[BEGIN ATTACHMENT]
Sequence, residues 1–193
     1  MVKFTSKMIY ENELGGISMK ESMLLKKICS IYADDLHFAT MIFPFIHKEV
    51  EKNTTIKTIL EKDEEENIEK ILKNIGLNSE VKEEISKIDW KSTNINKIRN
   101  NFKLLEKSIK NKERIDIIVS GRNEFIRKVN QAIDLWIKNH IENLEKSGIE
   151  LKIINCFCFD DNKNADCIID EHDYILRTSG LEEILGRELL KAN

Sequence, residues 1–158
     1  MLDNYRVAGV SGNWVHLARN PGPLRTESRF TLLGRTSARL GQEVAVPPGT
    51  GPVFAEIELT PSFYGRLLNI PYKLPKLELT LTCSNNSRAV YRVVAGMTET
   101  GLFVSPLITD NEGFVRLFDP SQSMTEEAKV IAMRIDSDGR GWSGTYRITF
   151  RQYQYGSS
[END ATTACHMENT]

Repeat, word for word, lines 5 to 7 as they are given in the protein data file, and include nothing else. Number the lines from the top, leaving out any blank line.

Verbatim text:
   151  LKIINCFCFD DNKNADCIID EHDYILRTSG LEEILGRELL KAN

Sequence, residues 1–158
     1  MLDNYRVAGV SGNWVHLARN PGPLRTESRF TLLGRTSARL GQEVAVPPGT